The Algona Upper Des Moines from Algona, Iowa on June 2, 1936 · Page 2
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The Algona Upper Des Moines from Algona, Iowa · Page 2

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Tuesday, June 2, 1936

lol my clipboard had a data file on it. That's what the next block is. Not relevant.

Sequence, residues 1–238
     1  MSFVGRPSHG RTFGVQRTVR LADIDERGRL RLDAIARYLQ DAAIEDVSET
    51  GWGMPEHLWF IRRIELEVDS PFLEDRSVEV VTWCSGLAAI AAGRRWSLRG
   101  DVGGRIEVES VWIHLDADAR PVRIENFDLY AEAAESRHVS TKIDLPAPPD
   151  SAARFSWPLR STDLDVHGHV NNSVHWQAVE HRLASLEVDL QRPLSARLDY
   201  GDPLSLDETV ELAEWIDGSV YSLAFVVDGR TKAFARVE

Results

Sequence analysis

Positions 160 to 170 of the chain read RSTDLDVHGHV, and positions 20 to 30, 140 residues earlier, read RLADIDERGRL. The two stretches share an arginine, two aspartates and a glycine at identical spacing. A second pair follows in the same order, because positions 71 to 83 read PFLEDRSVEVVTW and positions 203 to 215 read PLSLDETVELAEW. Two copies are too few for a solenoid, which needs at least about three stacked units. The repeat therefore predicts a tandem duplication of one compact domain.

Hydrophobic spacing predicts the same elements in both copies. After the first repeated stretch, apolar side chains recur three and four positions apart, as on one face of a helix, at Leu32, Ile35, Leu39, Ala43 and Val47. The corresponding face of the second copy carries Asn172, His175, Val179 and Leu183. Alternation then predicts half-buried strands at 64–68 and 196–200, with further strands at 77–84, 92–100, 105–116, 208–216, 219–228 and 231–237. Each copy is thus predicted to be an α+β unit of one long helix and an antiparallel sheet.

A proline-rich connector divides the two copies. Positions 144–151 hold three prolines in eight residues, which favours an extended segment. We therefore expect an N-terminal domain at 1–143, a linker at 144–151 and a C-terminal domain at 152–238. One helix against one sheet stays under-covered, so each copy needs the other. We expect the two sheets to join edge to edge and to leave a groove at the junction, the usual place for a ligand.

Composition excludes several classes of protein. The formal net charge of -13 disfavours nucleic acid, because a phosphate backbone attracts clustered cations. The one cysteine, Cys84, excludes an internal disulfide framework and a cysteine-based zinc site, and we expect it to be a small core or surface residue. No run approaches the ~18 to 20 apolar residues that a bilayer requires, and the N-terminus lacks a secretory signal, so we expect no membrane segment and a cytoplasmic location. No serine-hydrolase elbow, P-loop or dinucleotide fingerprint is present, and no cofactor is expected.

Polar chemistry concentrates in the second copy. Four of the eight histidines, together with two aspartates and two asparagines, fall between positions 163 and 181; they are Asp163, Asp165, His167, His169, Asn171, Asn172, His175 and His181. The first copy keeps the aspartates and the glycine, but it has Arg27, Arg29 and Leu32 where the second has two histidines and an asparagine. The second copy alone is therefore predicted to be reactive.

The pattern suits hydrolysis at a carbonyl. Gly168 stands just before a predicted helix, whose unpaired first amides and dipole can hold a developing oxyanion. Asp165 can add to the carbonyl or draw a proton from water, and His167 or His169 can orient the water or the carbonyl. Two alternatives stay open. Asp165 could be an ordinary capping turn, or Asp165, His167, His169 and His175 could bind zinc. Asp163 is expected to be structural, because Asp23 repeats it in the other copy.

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The Algona Upper Des Moines, Algona, Iowa, June 2,1936 9lg»n* tHpper 9 North Dodge Street HAGGARD & WALLER, Publslwrs entered aa Second class Matter at the Postoffice at 41ffOna, town, under act of Congress of March 3, 1879 Issued Weekly NATIONAL EDITORIAL ASSOCIATION •1030 •MEMBER- SUBSCRIPTION RATES IN KOSSCTH CO.: One Year, in Advance $1.50 Subscriptions Outside County, $2.50 per year, strictly In advance DISPLAY ADVERTISING, 35« PER INCH ComjKwltion, 5 cents per inch extra "l/*t (be people know (he troth and the conn. try to safe."—Abraham Lincoln. WANTS SHOW-DOWN WITH -MUSSOLINI Argon tine in South An.erk'a, one of the smaller powers without any army or navy of consequence, has demanded that the League of Nation* have a fhow-down with Mussolini in regard to Ethiopia, and show a little hnck-bone that ha* herelofore been sadly lacking in dealing with nations inclined to war. Argentine proposes that .-some time during; June a special session of the League be held at Geneva to consider the conquest of Ethiopia by Mussolini and to decide the course to be pursued by the League. The unarmed countries arc greatly perturbed at the rape of Ethiopia by the Italians, as It shows how helpless they would be if attacked by n great power, with the League sitting supinely by and allowing them to be gobbled up. Argentine hints that she will resign from the League unless something is done in curbing Mussolini in Ethiopia. Japan Is having its way with China in the far East and the League is either helpless or afraid to do anything. England Is the only country to show any backbone in the Ethiopian matter and other countries In the League were too timid to back England up and give an ultimatum to Mussolini. In fact the League appeared like a lot of timid 'old ladies and Mussolini paid but scant attention to Its pronouncements. It should have called Mussolini's bluffs and enforced its threatened "sanctions." It was the only way to command respect. But the fear of a general European war was too great and It allowed Mussolini to get away with his bluff just as he had reckoned. The League has proven to be ineffective, and will gradually fade out of the picture, we think. IOWA FARMERS WILL NOT SHOOT SANTA CLAL'S Senator Couzens of Michigan the other day indicated that he was going to support President Roosevelt for re-election and gave some reasons why. Senator Couzens, who Is perhaps the wealth- Jest man in congress, is a good republican and chairman of the powerful inter-state commerce and banking and currency committees. It seems that Senator Couzens views President Roosevelt as very many of the republicans of the middle west judge him. "I realize',' Senator Couzens said, "That many Rooseveltian policies are Impossible: that many of his advisors are impractical theorists; that administratively his system is terrible; but be is the only president in my time who ever has had a heart throb of sympathy with the under-privileged—the common man. He has plans that won't work, but they can be licked into workability, at least they're a start." Senator Couaenc, though v*ry rich, has a record lor taking the side of the under dog, and is above cheap partisan politics. It would seem that the Iowa farmer without regard to party could easily support Roosevelt as the only president, who has recognized the middle west and tried to benefit conditions in the middle west. Some of his schemes may have been visionary and impractical but when Iowa farmers have a real friend in the White House it is safe to nay they will hesitate to vote him out. President Roosevelt hits been very extravagant in many things but the money he has spent has been placed with the common people, Bnd there has been no ninety million dollar loans to person"I 'riend.i, like that made to Charley Urtwe* during the Hoover administration. Iowa will go for President /'.';<•. -,-\< It m .1 fall, and don't you forget it. Then will havt- ID !><• n !</ n.i re boondoggling arid the huildiriit u! u lot inori- '.shelter belts" before t).f Iowa l.irmi-r 'aUfi his gun and goes out ..in,; fur Karita (,'laiiM. Nobody \\iiuld \Vurk .Spencer N'ewv-Htrald. iJr. T(,wns«nd's scheme l.'i unworkable !»•< ;IUM_- >1' tin. ci.untry can't pnsiih- ly pay cvciy |.erhi.n ovci <\:> <UOO a month und retire i:s national debt, <J> and even if it < <mld, >*'>0 a llllilltll Iri too lllljrtl It, pity. How many WUIllllc-iK Bonn end daughters woulil be living oft the old foiK.i if Mich a law Were passed, no one knows, provided, of coui.il-, that when we .say ?2(>J we mean \2lt\. OiaiK cs are none of our <h>llar.-j would be worth very much hy that time. f/ive u.i a ...tne arid ^tn.-.ltjli; p'-n^ioil law. 'Jive us a law that i> workable. Unit, i ;>n h,.- Mnan<-cil, !ha! won't t'j.srup! our wnole ,_•< </;</,nu« Not-np, and we'll support it lioin hell tu Ijieukfa.sl, uut *»)'! a month -well, whij'.s ^omg t j ijo Die •.vi'iiil.s vvoili, ami why.' I'rintiiiK I'rt ••>» Money liad W«-i>.-,icr City J',nu,.,l: fiYrinany i.;:-uc<J 41)0 (juiiitilhun marks when lining /n^; in wild and un- i out rolh ft uiiiation, ;inr] ij,, ()el ,v ;n iii.-^iMcr seems In lini.k tin- Uiiil.d .Stales .vouid , / ti; thM extreme llilil the Kla/lt i-l.eriii,i lull, wt.i. n jiiu\l<k-'i fur S!- twi.uoo.ikjo in M.-W IMII ii-iu-y t'i i.i'.i• •' in ::uni iiinri- i;aK<-s. I,,-, a eua t..-d inn, I i,-, '! i, , i-iiiiiiii:> the Kieeruan-Journal of the 1:1:111 w ,o .v i., in the cellar and HfiaiU to come up .»;,ni.i 1-n f.-n m- A llirougll lli. loi,|. Anil Uc 'I'lldUKllt II a i I. .in ( ;»nip;.in Wi-hMi r I'liy l-'n i n:.ii. • r,.iriia! If ll,,- of U't: |n ih:- L.I., tjfi-n lo.-tl ;n .. n't leali/...- i 1 t,,- nailn:,.; 1:1,- i,, lt,W oflli i ll:, al.ii i all'll l.i'. with ol,| i inn- viyur .iii.l i . n.-j aiJIIll' of tllf .Illii', IJIK in.-:..' 1 (jfflt ela ^cll Lilly .-liuiilil i,. i dldate.-i will prohal/l, !• ;:.,|. !i-;<ieu 01. i: would- I apci .-. i liyh and elected and a ,-un.i- ot {lUJltlL'ul i alii,',!!;',!!.! . level. Tin radio iu«, the newspaj c-< 13 Ji -!•• >I.L - , To read h -I in i;i !:• vc thai ,-ul ...id t nv i an- oon illi i l ; i V ,ue Jake Is Running for President LuVerne News: We met Jake Freeh in Algona Monday and he informed us he was running for president. We told him that was about the only office he had not been a candidate for. Then we learned he could not be a candidate for that office, ns ho was born In France. So we are wondering if ..nnt is the reason. • • • Hurrah! And It's Leap Wnr, Too Mitchell County Press: Queer what we can lonrn from modern advertising; things we oldsters might have profited by 25 or 30 years ago. We used to think that girls had to be sought nfter—"won" was the way we put it In our gallant Innocence. But we were wrong. According to these new revealing ads girls are thinking all the time of nothing but getting men. They're constantly fighting such problems as pimply skin, coffee nerves, skinniness or obesity, lack-lustre teeth, bad breath, rough hands, unruly hair and a myriad other things with the sole object of hooking some fellow (or fellows). And they must wash out their undies every night in the wash-bowl, and their stockings must be just so to give the necessary allure to their legs. And by no means can they work over a hot stove, or wrestle with an old-fashioned washing machine, for that impairs their pep and vivacity! The right laundry sonp is Important, too. All for the same end—to build up sex appeal. Had we boys known how desperately the girls were yearning for our attentions, how different it might have been; what a time we could have had. No need of toning down our behavior; refrain from indelicacy in speech, and try to create an impression of moral character. Nor to build up a living income. Had we but known we could have merely kept ourselves shaved smoothly, smothered out sweat with lifebuoy, brightened our teeth with droppings from the grindstone, glossed up our hair with axle grease, tanned ourselves . . . and cut loose on every girl we met. What a time! • • • Are the People Being Fooled? Clarion Monitor: It is now stated that "The American Institute of Public Opinion", engaged in conducting a straw ballot, Is sponsored by a list of Iowa dailies. Further, that a former Iowa University student is conducting the survey. Attempt to find some one who voted a straw ballot hnr so far failed, although In two or three instances a small reward has been offered. It is hinted that this survey Is a piece of political propaganda. • • • The Nations Arm to Fight Pocahontas Democrat: The nations of the world continue to arm themselves at a feverish rate. This is true of each one of the seven leading powers, Including the United States. Some idea of what is going on can be secured by comparing armed plane strength in 1935 with expected strength by the first of next year. The r.even leading powers had 15,610 armed planes last year but will increase this total to 22,400 by next January. Moreover* further gains are planned for the following years. For example, in the total given for next year the United States is credited with 2,200 planes, whereas there is talk in Congress of providing the Army alone with 4,000 over a five- year period. Peaceyloving' citizens cf this country might as well understand that increasing armies, navies and air corps Indicates war ahead. The world situation is dangerous because of uncertainty regarding the intentions of several powerful nations. The threat cannot be met by passing resolutions, organizing peace parades, and staging strikes against war; nor can it be avoided, in our opinion, by the surrender of national or International rights. The prospect for peace is not encouraging 1 . While a majority of the people of the world are against war, it may be taken for granted that natiotmlisticH feeling will cause them to support their government in international attitudes, and, if the test comes, in warfare. W» doubt if the United States with its peace- loving people, can do anything atone to effectively safeguard Itself from the world peril. Whether the nations of the world, acting in concert, are able to cope with the menace remains to be tested. The League of Nations, as now operated and without, the support of powerful nations, has not been successful but its failure docs not preclude the success of n stronger organization in the future. • • » They Couldn't Buy Happiness Spencer Reporter: The inside stories of Alvin Karnis, Campbell. Mahan and Robinson, as now revealed, «re notable for this fact—that these public enemies could buy everything but happiness. Karpi.s, for example, rented the finest apartments. He had choice rugs and expensive furniture a/id ordered hothouse flowers daily for his living room. (Jood food and entertainment were at his command. But there was one thins he could never acquire escape from himself. Everywhere he turned he faced the demon of fear. It was laughing at him, taunting him, reminding him of the hot seat at the death house, telling him that every footstep outside the door was the law catching up with him. And. of course, the law did catch up with him. For Karpis was the biggest fool in the world—u Cool who thought lie could lick the game and then torget about it. • • • < OIK i-fiiiiiK 1'inh and (ianic Hull.von Free Press: Some of our sputtsmen who witneii.ied the test seining at Lost Island lake la.->t Monday. < -stint home scratching their heads ami wondering why a lead lint wu.s not lined on tin HI in to keep thu lower Hide of the net on the lake bottom. The answer .should be easy. They have been pulling the wool over our eyes on matter., concerning fish and game for the last 40 years and tins have gone .10 far with it that they 'hink we won't feel natural without .sleight-of- hand (rii ks. • • • Sa>s Fault Is Uitll tin- I'ublic .Spi-m er Itepurli-r. Whatever 1.1 the status of I r.v cnforci-rii'-nt in this <-uuntry. the (/ublic is get- ling much more than its due, in the opinion of Harold -Valiiau. a^.si.-,t.ant director of the federal itiircau of investigation. Mr Na'han told a ^roiip of < 'Icvcla/id educators rc'-i-ntly that l.i'.v enforcement in the United ,Stale.» i> v;i-ncialiy inf'-rior to that of many Kuropean loiintMt"?. bin that even M», Amcriran.s "are getting nioiv than thi-y dt iC-rve " "Moreovi-r. ' :-,.iy* Mr. Nathan, "until we arc w.ilin^ lo |,ay toi more than thu services of a night watchman loancsl ,a burglar he picks up rud-hand- ed. mil JatiMiMH A'lll imilinue to read in totals ap- p.tiling whi-n compared with those of other nations." The major < au-ic of crime, in other words, u the imiidibl.- noni I.a!,mre witii wtncli people regard it. Tin- pc ihant women of Kua.sia have been ordtr- • I to woil, .six day* a year on the roads. If they do well at it Stalin lets them have a. IL-W days'tvery • iiiniiiei to ic it up in :t roal mine.--New York .S m. The;,e L-I unomiat.i who think competition u bad 'lung never tried to get ntrvn-e from a man who iiad no competition, fjetroit Krt-c. i're.'ia. CLEARANCE SALE Kossuth County Plat Books At The Algona Upper Des Moines Office 28 Townships County Data Well Bound at $2.00 Formerly sold at $2.50 JSTRANGE and INTERESTING FACTS Fashions in behavior nave changed as much as styles In clothes since the 18th century. The proper attitude lor the gentlewoman of that period was that of ethereal languor, the inclination lo swoon at the slightest provocation, a perpetual state of delicate or it might be termed precarious health, the cultivation of a deathlike pallor. So universally accepted was this state of being that even the medicos of the time on their frequent ministrations lent serious as well as sympathetic ears to the imaginary symptoms of their ailing feminine patients. Humor finally came to rescue and sored the day for American women, as attested by present day robust fashions in health, equal suffrage, and activities on a par with men in business, professions, sports and many other forms of endeavor. Even man's exclusive pastime of war has been invaded by women. In several foreign countries regiments of women have been enlisted and trained in the art of modern warfare. CO-OPERATIVE FEATURES, Inc. FENTON SCHOOLS HOLD FINE CLOSING PROGRAM AND BASEBALL GAME TheMcm About Town Says A friend of E. W. Luaby, after seeing State street in its present condition is sure that the prediction of Ex-President Hoover is about to come true here, "Grass growing in the main street." • 9 • About that time a garden nprang up in the front of Joe Bloom's Btorc. The idea conceived by Bud Zender was augmented by passersby. A small plot was roped off, onion sets and other plants set out, a scare crow erected with Joe's coat hanging on a garden tool and a sign placed In it reading, "Coast to Count needs grow anywhere." For good measure Tlnk Wright toued a rack full of flower seeds into the plot. Frank MatheH wait looking for Dave Leffcrt to furnish grass seed for the purpose of making a lawn in front of State's. A rake and garden hone are in readiness and tt (rew of hoys is waiting to go to work on the project. SOUK- twenty-five or thirty boys niid Kirls took an outini; in Hwim- iiiing in thu .soft water pond la.st Thursday. While ull had fun the ficcummodatiori.s were not <t the he.-it The girls used the shi-l'.er of big tree for a bathhouse and the hoys found the bridge and tin old sand hole for their convenience. A councilman in I)e» .Moinc* i* going to propose it three dollar tax on bicycles. While a tax like that will deprive Korne kids of a good American custom of riding bicycles they might as well get used to it for they are going to inherit a greater obstacle ill unpaid bills to lie met by taxes. Is there going lo be anything left in this country untaxed? < Editor's Note—Death und taxes are the two inevitable* of life l. • • * Kd l.oi-biit, better known ait Trinket at .Swift's where he is employed, approached a lady's car for the purpose ot carrying eggs from it into the plant. He turned the cur door knob and pulled it open. The door dropped off and landed on Kd's chin. And now when Kd is been examining hinges on car doors he is only playing lafe and not being curious. • • * l.lttle Ralph llagg i* starting the school vacation in a peeved attitude with intermittent crying spells. Kalph attended school without un absent day or a dingle tardiness for the nine months and then was denied the certificate usually given for such achievements. His teach- tr informed him that "It was such an unusual winter certificates were discontinued." H wus un unusual winter for his dad froze his eurs taking him to school in below zero weather. When »u<:h deeds are not rewarded to school kids they soon lone fuith In their elders. Carl I'l-arnon, Hi White and Bob l.ariio/i were playing u round of golf It wus the second tune out for Bob who has faith in all mankind. Approaching his ball he toiinii it in u ha'f submerged con- iliUcjn in u soft spot of the fairway It was <juile a chore to extract the bull und still stay within tile rules of gulling. Bob luter Icurnetl his ball was gently stepped upon by Carl who had preceded him to the spot. As a novice Bob i., wondering if there is nut more antics of this kind for he lust .several bulls on long drives but none were found • * * Down iii HuiubolUt the present M hool board has denied the high behoof coach, Kd ijarbett, u classmate uf our Mercer, the right lo play ha.bebulI on the town team Wonder what kind uf folks on that -school board '! The coach teaches Lu.si ball in the school und ii<j.a spent )n.> life learning and participating in ulhlflics only to be stepped 01, by :>ume old fu^sils who managed to Hutiier cnuugb votes to get oil the board hut probably don't know Hie differi'iii e between a schuulbouk •iiid a h.t.ieball. There have been * a.•>!•;» like thai in other towns. Style Show and Awards to Pupils a Feature of Program Fenton: The Fenton school closed Friday, May 29, with a community picnic at the school. Two kitten- ball games were held in the morning between the high school girls and one in the grades. At noon a cafeteria dinner was served with a large number of parents and pupils present. At one o'clock the pupils received their report cards then all went to the assembly to enjoy the style show given by the home economics class. Supt. M. E. Ottter- ncss presented awards to the following: print dress, Mary Ann Bonn, first, Esther Luedtkc, second and Eileen Rochleau, third; party dress, Laura Bocttcher. first, Eileen Rochleau, second and Faith Fln- nestad, third. Awards were also presented in home economic* note books with Lucille Meyer receiving 1 first, Mary Ann Bohn, second and Geneva Glaus, third. Howard and Beverly Schultz favored the audience with two tap dance numbers. I'uth Kabelitz, dressed in an o!d fashioned dress, sang two German Hongs, accompanied by her sister, Tusnclda at the piano. Piano music was given by June Weisbrod during the style show and for the tap dancing numbers. There were dist- pliiyH from the manual training boys showing n large number of pieces of furniture 1 made during the year. The grade rooms also had a display of exhibits. The Goldlield baseball team crossed bats with thy Kenton high school team and the score was Fenton 'J and (Joldflcld 5. Members of the faculty, till returning next year are: M. E. Otter- ne.ss. .superintendent; Gerald Agard. principal and coach; Margaret Blossom, English and music; Irene Wilson, home economics; Marie Lennox, 7th and 8th; Helen Thompson. r>th and Oth; Nellie Weishrod. 3rd and tth and Louise Curtiss, primary. L. J. Weisbrod, the janitor, will also he with the school again. Mrs. Carl Priebe and Mervin Prlebe of this place to Northern Minnesota Thursday morning for a week's fishing. Mr. and Mrs. Frank Rancy ar.d their son and wife, Mr. and Mrs. Arden Raney and two children of Huron, S. D., visited the former's brother, Orville Raney, and family from Wednesday to Saturday. Mr. and Mrs. Enos Wrede of Hurt spent Friday cvenlny with the former's parents, Mr. and Mrs. G. R. Krause, also to visit Mrs. Wrede's grandmother, Mrs. Meyer, who has not been well of late. Mrs. Donovan Brown and daughter, Donna Clair, of Esthervllle, visited Mrs. Brown's parents, Mr. and Mrs. Charles Glaus last week and attended the graduation exercises of her brother, Charles Glaus. Mr. and Mrs. Hilbert Hantelman and son, Sadonla and Wilfred Bierstedt, and Marjorle Johnson of the Falrvllle neighborhood went to Waterloo Friday afternoon to attend the Walther League convention. Marjorle Johnson was a delegate. Mrs. Wilfred Stoeber entertained her sewing club Wednesday afternoon. Guests were Mrs. Howard Reeder and daughter. Colleen, Mrs. W. E. 'Stoeber, Mrs. Charles Bassett, Mrs. Charles Weisbrod and Marian Wtddel. Mrs. Stoeber served a delightful luncheon at the close. The club will not meet again until next fall. Mr. and Mrs. Wesley Witter drove to Hubba'rd last week Friday on business and then went to Des Moines (or the week end with friends. On Tuesday they went to Ottumwa on business and returned home that evening. The Witters are former residents of Des Moines and are now living with Mrs. Witter's parents, Mr. and Mrs. E. A. Huskamp. We do our own Lens Orindirut. DR. F. E. SAWYER, Opt. AH**, SEXTON NEWS aaeeoMBcaeeaoeoeeeoeoeoeoegceoBeeosgBeeao C'omiiieiicftnent KxercUcH Commencement exercises were held in the high school auditorium on Wednesday evening. May 27. The following program was given: Commencement March, Evelyn Iladig; America, audience; invocation by Hev. J. T. Snyder; music, boys' glee club: "Roads and Cross Roads", by Rev. William Dibble of Mason City; presentation of (lass by Supt. M. K. OUerntHs: presentation, of diplomas by G. R. Krauze, president of the board of education; mimic, girls' sextet; rla.sa song, graduates, and benediction by Hev Hnyder Donna Jean Bailey was named valedictorian, having an average of OS plus and Isabel Weisbrod was named salutatorian. her average for the four years being HI plus. Kach girl received a medal. There were «ix- leen graduates whose names appeared in a previous issue. W. K. Stoeber and son. Oliver, '.vere business visitors at Serantori, Thursday. l^avonne Bailey of Seneca spent the week end with her cousin, Lorraine Wegener. Mrs Kate Newel and Mrs. Emma Ku.ke wcru dinner guests lit the Orville Runty home Friday noon Junior Reed of Dakota City ia visiting his aunt, Mrs. R. L. Padgett and with other relatives last week. Mr. and Mrs. Ernest Kousuibtn were business visitors m Algona, Whilternore and Kmmetsburg on Friday. August Krause. luwti State college student, spent the week end with his parents, Mr. and Mri. G. R Krau.se. Mrs. August Bierstedt and Mrs. Alvin Xuimu h will be hostesses to the Lutheran Laditin' Aid in the church pariora on Wednesday, June a. Mr. and Mrs. Bob CiucUch und IX-rwood Kigler and Virginia Hus- I'amp left lust week Tuesday fur northern Minnesota on a tlshing trip. A large crowd was in Fenton on Wednesday evening to enjoy the lirbt free outdoor movie Next week's picture is culiud '>1,OUU A i Minute." I Mr and Mrs. Ralph Frictx- of j Dorothy Fraser Is spending the week at the Fred Neahring home. There will be a Children's Day program June 14 at the church here. Fred Plumb returned Friday from a week's fiching In northern Minnesota. Florence Marie Phillips, Wesley, spent the week with her grandmother, Mrs. Sarah Wise. Catherine and Leo Klrschbaum are spending the week with their grandparents, Mr. and Mrs. Eisenman, near Brltt. Henrietta Pfeffer went to the Carl Albright home in Plum Creek. Thursday night where she will be employed for some time. W. Z. Miller and his daughter, Lois, spent the week end in Sioux City with Mr. and Mrs. Philip Thornton. Mrs. Thornton was formerly Ruth Miller. Mr. and Mrs. Lloyd Steven and children of Mapleton, Minn., are expected for Decoration Day at the home of Mrs. Steven's mother, Mrs. .Sarah Wise and family. Mrs. Joe Fraser was called to the houi* ot b«r »l»t«r, Mrs. Roy Sarchett, Tuesday because of tiia Illness of her father, Mr. Spear, who is bedfast with pneumonia. Mr. and Mrs. W. J. Green attended the funeral of Mr. Green's aged grandfather, James Green at Algona Thursday. Mr. Green died Just one month to the day, after his son, Elmer, LuVerno, Mr. and Mrs. James Moardlnger of Elgin, 111., spent the past week at the home of her parents, Mr. and Mrs. Henry Schmidt. Mrs. Walter Kober of Iowa Fall* visited her parents, Mr. and Mrs. Henry Harms here last week and attended commencement. Mrs. Christina Hlgginbottom of Iowa Falls, came Tuesday for a week's visit with her mother, Mrs. Mayme Nessen and family. Mr. and Mrs. Fred Border and (laughter, Winifred, of Michigan, came Friday for a week end visit with her mother, Mrs. Ell Bourrett. Mr. and Mrs. Frank Jacobs and Carl Krueger of Des Moines came Friday for a week end visit at the George Jacobs and John Baaa hollies. Mr. and Mrs Chas. Riley of Waterloo came Saturday evening to visit his aunt and uncle, the Win. Kileys. Miss Ida took them to Irv- inglon Hunday. Philo Falb of Conrad and Mr. and Mm, Noah Kwlb and children of Marshulltown spent Saturday at the home of their sister, Mrs. Frank Lockwood. Mr. and Mrs. Lafe Hlnton and family and Mr. and Mrs Sim Hinton of Worthington, Minn., spent a time with their daughter, Mrs. Vane Graham und family. Mr. und Mrs. William Kastien und daughter of Bemis, South Dak ota, came Friday for a week end visit with Mrs. Harvey Sloan. The ladies weru old school mate*. Mrs. Grace Crisman and Mary Jane of Cedar Falls and Walter Williams of Walcott came Friday to upend the summer at the home of their mother, Mrs. T. W. Will- Miss Bessie Hloun came Friday evening from Buffalo Center to upend her vacation with her mother, Mrs. Ada Sloan. She has been re-elected fur the coming school ytar. Mr. and Mrs. Ray Miller, uf Ft. Dodge have been visiting at the C. C. Miller home during the pant week. Verne Miller of Ionia, U home to spend his vacation. He teaches at loniu and was re-elected. Mr. and Mrs Ralph Sloan and daughter. Eulah, uf Cedar Fall*, Mr. uiiii Mrs. C. K. Butcher of Des Moines und Mm. Uolda Wooley and son. Roger uf Nevada, came Friday evening for u week end visit with their mother, Mm. Ada Sloan. *1<MMW Cttkli Prixe €oupou WIUi Every Kodak Film Developed and 8 De-Luxe Prinu und professional enlargement oil painted by artists ull fur only iM\ Mail tu •)aJic»viUe Film Service Mail tliik nd with roll for K.O Individual attention 22-2 t Announcement: Mr. R. C. (Bill) Lechelt lias joined our organization and will have charge, of all Body and Fender Work Upholstery Repair Painting and Glasswork Mr. Leehelt has had 20 years of experience in this work, JO of which were at Cedar Rapids. He comes to us from the Rude Auto Co. of Cedar Rapids. Kent Motor Co. Algona's Ford Dealer Changed to Every Wednesday, Thurs. Exactly same play as before, but date changed effective this week from Sat. to Wed., Thurs. Wed.-Thurs., June 3-4 Whtn it comti to dincing Jttit* topi 'tm til. ttopi 'cm til JESSIE MATTHE WS AND HHOKTM Comedy—Cartoon—News Play Screeno! Friday, Amateur Night, June 5 Win. Boyd and Dorothy Mackail in "CHEATERS" Stars of Tomorrow—Travelogue—New* Saturday, June 6 State Happy Iloin-s Matinee in Afternoon Special Show for Children Admission lO-K John Mack Brown, Kay Johnson and Wallace Beery in "BILLY THE KID" Comedy, 'Gob» of Trouble"—Trazan Serial—News Sunday. Monday, June 7-8 <. C-V DUHN+EILiRf GIT BEAD U. D. M. WANT ADS—IT PAYS